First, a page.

Even Before Creating An Estate Plan, You Can Begin Marital Property Planning
Many people consider marital property to be a family law matter. But it also plays an important role in estate planning. And because people typically get married decades before planning their estate, it is important to understand that the marital property decisions you make now could have a large impact in the future. Whether you are engaged or already married, it is critical to know the laws about property division in marriage. Our lawyers at Brink Bennett Pargaman Atkins & Sanchez PLLC can help you with the fine details and customize a plan that works for you.
Start By Clearly Defining Ownership
An essential step in the estate planning process is defining ownership of separate and community property. Relationships and partnerships have the potential to deteriorate over time and you could lose your assets in a split. You will want to create a community property, postnuptial or premarital agreement to protect your valuables.
The most important reason to define ownership is to protect the inheritance of children in blended families. You will want to ensure that they benefit from your estate upon your death.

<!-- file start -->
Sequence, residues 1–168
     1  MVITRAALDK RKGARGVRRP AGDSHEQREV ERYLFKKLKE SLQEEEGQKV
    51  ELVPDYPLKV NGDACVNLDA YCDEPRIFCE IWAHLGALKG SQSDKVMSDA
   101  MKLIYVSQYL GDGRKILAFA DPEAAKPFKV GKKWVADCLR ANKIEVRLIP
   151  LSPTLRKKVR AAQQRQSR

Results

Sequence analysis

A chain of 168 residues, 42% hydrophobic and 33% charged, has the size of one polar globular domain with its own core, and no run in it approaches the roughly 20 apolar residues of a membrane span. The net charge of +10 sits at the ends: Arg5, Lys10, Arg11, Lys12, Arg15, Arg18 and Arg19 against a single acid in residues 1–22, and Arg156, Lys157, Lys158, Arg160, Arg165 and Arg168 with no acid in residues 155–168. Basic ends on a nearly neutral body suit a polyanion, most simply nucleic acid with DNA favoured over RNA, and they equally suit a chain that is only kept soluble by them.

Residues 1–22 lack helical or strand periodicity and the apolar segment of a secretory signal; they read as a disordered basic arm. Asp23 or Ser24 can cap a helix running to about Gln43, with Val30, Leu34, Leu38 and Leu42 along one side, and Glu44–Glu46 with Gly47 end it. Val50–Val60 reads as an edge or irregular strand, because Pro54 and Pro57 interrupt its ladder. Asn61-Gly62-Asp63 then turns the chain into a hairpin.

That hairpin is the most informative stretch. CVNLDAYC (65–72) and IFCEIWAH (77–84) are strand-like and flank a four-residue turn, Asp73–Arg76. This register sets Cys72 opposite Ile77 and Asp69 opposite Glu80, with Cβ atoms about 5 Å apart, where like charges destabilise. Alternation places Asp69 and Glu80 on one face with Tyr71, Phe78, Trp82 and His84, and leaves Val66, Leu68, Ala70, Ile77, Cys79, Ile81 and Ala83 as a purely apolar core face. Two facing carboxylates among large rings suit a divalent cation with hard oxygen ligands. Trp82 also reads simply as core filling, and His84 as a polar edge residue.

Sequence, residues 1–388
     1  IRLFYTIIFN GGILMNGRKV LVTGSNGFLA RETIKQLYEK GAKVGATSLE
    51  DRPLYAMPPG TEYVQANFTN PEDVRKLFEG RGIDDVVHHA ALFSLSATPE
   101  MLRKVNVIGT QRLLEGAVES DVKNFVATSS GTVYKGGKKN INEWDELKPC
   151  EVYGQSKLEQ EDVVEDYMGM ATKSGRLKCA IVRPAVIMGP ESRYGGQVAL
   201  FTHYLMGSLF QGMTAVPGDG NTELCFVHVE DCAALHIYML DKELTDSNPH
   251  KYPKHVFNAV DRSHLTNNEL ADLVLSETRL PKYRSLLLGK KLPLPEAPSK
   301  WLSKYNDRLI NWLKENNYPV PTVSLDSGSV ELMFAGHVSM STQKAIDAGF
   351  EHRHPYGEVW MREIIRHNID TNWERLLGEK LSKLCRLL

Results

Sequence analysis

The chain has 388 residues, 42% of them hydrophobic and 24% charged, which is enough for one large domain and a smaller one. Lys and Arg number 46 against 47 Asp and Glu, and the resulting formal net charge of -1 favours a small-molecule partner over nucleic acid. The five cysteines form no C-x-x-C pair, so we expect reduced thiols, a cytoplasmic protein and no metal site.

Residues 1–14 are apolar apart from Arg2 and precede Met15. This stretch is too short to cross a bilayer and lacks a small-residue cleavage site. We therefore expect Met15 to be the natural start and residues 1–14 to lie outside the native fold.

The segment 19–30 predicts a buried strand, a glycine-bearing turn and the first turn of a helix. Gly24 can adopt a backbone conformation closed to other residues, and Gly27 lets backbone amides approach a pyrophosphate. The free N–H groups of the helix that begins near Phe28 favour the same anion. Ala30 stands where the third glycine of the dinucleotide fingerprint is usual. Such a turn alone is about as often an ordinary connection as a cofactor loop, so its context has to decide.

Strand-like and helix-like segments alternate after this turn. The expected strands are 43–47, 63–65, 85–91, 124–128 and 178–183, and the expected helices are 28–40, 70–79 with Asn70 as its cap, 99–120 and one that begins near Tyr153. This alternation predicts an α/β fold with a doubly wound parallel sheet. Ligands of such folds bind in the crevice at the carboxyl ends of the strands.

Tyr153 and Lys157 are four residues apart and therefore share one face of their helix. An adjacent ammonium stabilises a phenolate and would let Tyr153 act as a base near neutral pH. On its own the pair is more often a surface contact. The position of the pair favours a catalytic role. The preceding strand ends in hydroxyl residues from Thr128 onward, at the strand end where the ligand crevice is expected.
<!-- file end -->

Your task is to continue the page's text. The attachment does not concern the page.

It is also important to allow your spouse to claim a stake in some of what you value. In some cases, we recommend that clients convert separate property to community property to avoid disputes.
Our attorneys will thoroughly review your assets and your plans for your property. You can rely on our extensive experience to help you determine an efficient way of classifying your assets.
Your Agreement Is For Your Protection
Property, gifts and inheritance you acquired before marriage should be outlined as separate property. Without a prenuptial agreement, those assets could be the subject of disputes between you, your family and your spouse in case of divorce, disability or death. This can become a challenge for you if you have children from a previous marriage or relationship who should benefit from your estate.
One of our lawyers can protect your interests and the interests of those you love by preparing a customized premarital agreement or postmarital property agreement, community property partition agreement, or separate property conversion agreement.